User Tag List

Informational! Informational!:  0
Likes Likes:  0
Page 2 of 2 FirstFirst 12
Results 9 to 11 of 11

Thread: Looking at Sphagnum Wrong?

  1. #9

    Join Date
    May 2012
    Posts
    1,295
    Mentioned
    0 Post(s)
    Tagged
    0 Thread(s)
    just cuz sphagnum grows well alongside CPs doesnt mean tha it requires the same exact soil/water conditions.

  2. #10
    Formerly known as Pineapple Nepenthesis's Avatar
    Join Date
    Dec 2011
    Posts
    1,824
    Mentioned
    0 Post(s)
    Tagged
    0 Thread(s)
    Quote Originally Posted by Ambanja View Post
    Sphagnum will take over lakes, bogs, and nutrient rich environments, but I think you are forgetting the extreme timetable for this kind of growth. It starts from spores reaching an ideal environment and over time it slowly spreads outward making its mat (and with it it's own micro environment), some spots may be hundreds and others thousands of years old.
    The timetable isn't really a factor in the question I'm trying to ask... Unless you're meaning to say that the certain population evolves over time with the more hardy spores growing into moss that can handle the conditions better and over time it creates a strain of that species that is well adapted to that nutrient-rich environment. It would probably work the same the other way around for nutrient-poor-liking species of Sphagnum.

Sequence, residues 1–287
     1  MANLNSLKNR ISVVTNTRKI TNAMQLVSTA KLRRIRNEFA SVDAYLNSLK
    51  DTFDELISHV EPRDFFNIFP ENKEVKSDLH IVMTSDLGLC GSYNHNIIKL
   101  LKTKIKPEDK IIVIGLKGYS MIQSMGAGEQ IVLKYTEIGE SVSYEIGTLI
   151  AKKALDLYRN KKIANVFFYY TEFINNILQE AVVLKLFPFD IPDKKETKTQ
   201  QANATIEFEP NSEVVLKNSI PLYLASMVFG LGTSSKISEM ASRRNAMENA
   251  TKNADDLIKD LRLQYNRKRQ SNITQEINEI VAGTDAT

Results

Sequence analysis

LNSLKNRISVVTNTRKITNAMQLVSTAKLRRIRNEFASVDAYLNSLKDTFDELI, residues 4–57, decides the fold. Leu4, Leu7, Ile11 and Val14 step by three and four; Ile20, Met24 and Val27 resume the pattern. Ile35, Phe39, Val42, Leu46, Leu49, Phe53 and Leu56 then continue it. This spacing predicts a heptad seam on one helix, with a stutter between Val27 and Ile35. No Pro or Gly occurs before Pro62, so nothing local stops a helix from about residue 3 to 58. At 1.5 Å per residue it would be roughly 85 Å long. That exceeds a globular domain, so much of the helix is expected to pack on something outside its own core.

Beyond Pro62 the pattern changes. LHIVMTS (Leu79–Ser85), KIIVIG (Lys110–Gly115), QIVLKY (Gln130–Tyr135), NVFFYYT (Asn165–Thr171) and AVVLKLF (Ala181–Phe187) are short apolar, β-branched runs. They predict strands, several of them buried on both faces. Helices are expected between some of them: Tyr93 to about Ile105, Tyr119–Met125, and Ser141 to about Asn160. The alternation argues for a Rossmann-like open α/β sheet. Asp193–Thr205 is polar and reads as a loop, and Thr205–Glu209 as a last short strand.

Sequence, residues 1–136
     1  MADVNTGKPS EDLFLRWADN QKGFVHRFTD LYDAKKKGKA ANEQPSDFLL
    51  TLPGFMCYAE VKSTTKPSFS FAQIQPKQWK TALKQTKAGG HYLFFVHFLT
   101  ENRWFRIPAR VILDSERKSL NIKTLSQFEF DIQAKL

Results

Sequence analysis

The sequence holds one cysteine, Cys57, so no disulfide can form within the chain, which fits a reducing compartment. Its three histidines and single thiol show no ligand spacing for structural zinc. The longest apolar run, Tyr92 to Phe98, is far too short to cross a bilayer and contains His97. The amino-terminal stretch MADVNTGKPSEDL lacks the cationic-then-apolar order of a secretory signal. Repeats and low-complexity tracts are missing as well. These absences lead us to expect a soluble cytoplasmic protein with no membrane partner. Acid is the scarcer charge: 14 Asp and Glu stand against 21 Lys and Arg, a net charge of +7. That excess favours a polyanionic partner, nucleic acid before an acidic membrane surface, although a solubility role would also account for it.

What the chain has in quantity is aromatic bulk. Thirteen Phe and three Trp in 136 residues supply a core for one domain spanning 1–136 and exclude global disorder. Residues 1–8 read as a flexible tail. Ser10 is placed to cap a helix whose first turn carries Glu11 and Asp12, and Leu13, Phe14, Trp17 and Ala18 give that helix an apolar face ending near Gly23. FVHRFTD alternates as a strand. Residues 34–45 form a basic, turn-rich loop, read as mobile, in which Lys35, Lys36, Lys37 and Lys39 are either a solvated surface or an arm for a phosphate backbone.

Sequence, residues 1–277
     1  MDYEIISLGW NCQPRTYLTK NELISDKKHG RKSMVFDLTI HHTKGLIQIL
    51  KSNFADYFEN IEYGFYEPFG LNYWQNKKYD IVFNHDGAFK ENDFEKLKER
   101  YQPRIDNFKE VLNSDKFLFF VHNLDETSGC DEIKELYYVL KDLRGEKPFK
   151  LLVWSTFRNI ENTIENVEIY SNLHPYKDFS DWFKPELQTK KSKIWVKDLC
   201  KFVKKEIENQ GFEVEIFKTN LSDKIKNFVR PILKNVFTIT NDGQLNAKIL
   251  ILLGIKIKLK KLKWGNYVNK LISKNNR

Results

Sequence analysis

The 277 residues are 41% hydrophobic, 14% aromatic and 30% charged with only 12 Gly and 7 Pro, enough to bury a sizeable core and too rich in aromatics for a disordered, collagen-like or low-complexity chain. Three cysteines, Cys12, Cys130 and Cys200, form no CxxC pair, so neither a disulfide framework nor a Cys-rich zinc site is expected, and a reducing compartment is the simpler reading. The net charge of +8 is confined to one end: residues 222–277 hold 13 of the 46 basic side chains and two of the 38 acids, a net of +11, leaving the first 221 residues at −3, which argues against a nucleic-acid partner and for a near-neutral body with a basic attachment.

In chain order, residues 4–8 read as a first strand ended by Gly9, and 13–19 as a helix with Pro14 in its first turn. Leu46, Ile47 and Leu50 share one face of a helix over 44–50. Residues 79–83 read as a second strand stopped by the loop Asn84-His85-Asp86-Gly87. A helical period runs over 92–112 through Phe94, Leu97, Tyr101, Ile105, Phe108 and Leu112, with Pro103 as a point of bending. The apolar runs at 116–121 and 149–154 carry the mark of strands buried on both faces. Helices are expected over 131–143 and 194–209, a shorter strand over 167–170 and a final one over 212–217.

Quote Originally Posted by richjam1986 View Post
    I see people making a couple assumptions here that probably shouldn't be made: How do you know that the lake was high in dissolved mineral, or that it is high in nutrients (as well as the sphagnum seen in the park)? Soil color and "muddiness" doesn't indicate dissolved mineral content or nutritional richness of the soil. So yes, it would be good to bring some water and soil tests.

    Of course, Sphagnum needs nutrients too, and will often benefit from light application of fertilizer in cultivation; so why wouldn't it be able to live in slightly more fertile soils in the wild?

    Last thought: Conditions in cultivation and in the wild are VERY different. If you consistently add slightly too many nutrients and minerals to a plant in cultivation, they can build up relatively quickly until they are too much for the plant to handle. In the wild, even in more mineral or nutrient rich areas, you have water circulation happening on a scale that is very difficult to imitate in cultivation, and rain is frequently flushing the soil of excess nutrients and minerals. Direct comparison between cultivation and the wild often doesn't work, because it is very difficult to recreate conditions found in the wild.
    Yup, I'm assuming it for a couple of reasons, but they aren't strong arguments. I'll test the water next time (so a year from now at most)... There's tons of fish living in there and there's lots of aquatic plant life, so the fish must produce some nutrients, especially when they die -- since the lake isn't fished. Tons of lilies everywhere and those need nutrients to grow and flower yearly.